§ THE DUKE OF MANCHESTER
said, he had received a letter from the coroner, Mr. Magee, with reference to a Question he recently put as to the ad- 124 journment of the inquest on the man killed by the police in the riot in Portadown. Mr. Magee stated that Mr. Atkinson, not himself, was the coroner for the district of Lurgan, and that he conducted the inquiry in the absence and in behalf of that gentleman; that he conducted the inquiry over three days—the inquiry being rendered extremely protracted by the manner in which the attorneys on both sides conducted the case; that at the close of the third day, when the question of adjournment arose, various difficulties arose on the part of the jury, who severally raised objections to the various days named; and that he himself, coroner for Armagh and Sessional Crown Solicitor for the county of Down, was obliged to attend the Assizes at those places, where several of the jurors also had business to attend to; and that Mr. Rea, an attorney, who attended to represent the friends of the deceased, stated that the inquest should be adjourned until after the Belfast Assizes. Mr. Magee accordingly left the question of the adjournment entirely to the jury, who, after consulting among themselves, fixed Tuesday the 3rd of August next as the day on which the inquest should be resumed. He (the Duke of Manchester) did not think this letter afforded a satisfactory ground for so long an adjournment; and he regretted that the Government, not being able to oblige the coroner to resume the inquiry at an earlier period, had not taken some other means for the exculpation of their servant, the sub-inspector of constabulary. According to the general opinion of the district, he fired without any necessity, and the evidence hitherto produced tended to that conclusion. It would have been a great advantage, both to the officer and to the authorities, if the inquiry could have been concluded in a much shorter space of time; but, for his own part, he felt he had now performed his duty in the matter.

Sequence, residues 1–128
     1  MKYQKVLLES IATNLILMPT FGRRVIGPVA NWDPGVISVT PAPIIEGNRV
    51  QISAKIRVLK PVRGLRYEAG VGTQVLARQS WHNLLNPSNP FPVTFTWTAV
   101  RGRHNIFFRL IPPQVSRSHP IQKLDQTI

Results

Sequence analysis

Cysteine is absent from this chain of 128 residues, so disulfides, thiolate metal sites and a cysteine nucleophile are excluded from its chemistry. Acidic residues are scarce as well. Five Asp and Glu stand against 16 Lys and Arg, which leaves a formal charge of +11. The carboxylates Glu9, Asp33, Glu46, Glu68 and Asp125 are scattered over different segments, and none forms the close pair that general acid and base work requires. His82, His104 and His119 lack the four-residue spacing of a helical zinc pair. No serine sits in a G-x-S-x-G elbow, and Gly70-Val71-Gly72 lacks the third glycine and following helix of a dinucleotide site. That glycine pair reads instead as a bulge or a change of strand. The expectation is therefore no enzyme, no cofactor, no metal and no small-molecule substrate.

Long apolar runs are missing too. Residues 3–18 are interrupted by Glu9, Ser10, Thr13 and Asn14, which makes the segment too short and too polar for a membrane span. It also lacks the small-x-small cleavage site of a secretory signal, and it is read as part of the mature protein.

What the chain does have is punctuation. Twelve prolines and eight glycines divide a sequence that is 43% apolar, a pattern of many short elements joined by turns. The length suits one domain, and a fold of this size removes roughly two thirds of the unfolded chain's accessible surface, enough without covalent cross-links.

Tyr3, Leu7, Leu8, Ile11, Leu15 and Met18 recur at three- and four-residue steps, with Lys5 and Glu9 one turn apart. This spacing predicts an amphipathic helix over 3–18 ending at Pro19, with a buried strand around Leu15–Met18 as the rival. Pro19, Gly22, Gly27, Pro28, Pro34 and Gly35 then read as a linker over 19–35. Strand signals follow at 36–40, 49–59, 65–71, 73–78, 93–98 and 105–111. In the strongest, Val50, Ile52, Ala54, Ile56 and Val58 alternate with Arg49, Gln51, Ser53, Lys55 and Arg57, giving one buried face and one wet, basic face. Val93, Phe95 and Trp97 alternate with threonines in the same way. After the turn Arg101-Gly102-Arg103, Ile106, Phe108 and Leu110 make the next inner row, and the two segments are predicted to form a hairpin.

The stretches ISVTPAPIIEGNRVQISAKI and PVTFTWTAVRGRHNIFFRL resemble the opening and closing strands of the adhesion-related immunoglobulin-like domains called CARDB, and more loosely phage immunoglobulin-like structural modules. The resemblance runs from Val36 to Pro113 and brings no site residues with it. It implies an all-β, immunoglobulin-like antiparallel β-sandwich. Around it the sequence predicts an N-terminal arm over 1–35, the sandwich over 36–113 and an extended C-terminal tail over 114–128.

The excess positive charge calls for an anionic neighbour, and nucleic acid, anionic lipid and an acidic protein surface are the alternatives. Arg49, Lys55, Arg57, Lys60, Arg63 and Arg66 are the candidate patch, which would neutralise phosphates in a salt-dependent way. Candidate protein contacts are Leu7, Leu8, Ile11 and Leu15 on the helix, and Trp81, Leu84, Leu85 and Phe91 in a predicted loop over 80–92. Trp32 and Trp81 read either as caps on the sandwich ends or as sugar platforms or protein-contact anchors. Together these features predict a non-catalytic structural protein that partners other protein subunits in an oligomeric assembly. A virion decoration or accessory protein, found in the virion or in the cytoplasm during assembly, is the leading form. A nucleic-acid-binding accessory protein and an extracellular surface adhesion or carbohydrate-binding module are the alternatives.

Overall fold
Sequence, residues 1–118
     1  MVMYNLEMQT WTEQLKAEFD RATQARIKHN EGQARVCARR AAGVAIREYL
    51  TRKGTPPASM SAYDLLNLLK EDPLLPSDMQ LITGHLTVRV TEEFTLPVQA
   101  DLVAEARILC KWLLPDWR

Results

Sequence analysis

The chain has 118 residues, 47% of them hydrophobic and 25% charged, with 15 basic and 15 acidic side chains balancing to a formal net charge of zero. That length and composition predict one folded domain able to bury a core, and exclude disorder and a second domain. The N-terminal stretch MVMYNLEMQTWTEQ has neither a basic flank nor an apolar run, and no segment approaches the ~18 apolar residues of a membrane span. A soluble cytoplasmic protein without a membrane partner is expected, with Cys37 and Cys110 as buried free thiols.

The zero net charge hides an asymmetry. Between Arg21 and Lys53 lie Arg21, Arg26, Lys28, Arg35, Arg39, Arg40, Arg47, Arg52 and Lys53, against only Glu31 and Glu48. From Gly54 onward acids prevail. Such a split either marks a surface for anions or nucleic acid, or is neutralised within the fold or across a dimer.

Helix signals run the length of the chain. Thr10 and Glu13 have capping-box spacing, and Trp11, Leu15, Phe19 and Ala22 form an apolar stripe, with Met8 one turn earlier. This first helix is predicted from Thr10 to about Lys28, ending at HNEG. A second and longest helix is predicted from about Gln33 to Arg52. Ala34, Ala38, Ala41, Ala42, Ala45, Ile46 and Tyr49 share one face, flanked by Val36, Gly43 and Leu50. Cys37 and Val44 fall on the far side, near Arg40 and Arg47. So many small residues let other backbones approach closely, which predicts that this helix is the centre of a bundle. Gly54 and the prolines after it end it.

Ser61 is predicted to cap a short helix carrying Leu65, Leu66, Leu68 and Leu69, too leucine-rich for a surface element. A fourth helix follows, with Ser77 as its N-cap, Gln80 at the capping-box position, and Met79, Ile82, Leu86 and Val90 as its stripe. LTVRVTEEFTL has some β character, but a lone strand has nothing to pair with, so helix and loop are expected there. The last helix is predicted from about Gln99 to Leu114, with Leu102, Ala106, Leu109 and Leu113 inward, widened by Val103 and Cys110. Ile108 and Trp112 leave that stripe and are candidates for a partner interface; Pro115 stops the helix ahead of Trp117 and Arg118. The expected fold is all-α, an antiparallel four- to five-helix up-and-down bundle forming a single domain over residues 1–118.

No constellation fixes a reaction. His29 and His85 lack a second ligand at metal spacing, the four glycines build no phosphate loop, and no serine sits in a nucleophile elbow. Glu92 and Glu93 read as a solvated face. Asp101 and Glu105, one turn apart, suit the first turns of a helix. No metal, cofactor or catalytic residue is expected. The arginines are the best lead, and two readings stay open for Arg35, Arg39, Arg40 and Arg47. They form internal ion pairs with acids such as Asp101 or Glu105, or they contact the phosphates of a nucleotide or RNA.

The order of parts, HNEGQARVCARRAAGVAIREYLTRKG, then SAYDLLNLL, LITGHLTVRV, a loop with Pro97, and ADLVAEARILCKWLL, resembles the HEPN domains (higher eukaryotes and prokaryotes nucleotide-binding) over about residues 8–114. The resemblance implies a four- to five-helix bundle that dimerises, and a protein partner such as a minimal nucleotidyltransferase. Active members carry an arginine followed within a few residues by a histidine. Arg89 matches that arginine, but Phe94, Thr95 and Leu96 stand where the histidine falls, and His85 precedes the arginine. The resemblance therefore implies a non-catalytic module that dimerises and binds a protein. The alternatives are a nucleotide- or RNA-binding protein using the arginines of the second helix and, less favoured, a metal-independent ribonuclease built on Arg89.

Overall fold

said, he could only repeat that the Government had no power to interfere with the coroner's discretion, however much they regretted the adjournment. He did not at present think it advisable, when the inquiry had been so unfortunately interrupted, to enter into the particulars of the case; but the Government would be able in due time to judge whether the police were justified or not in firing.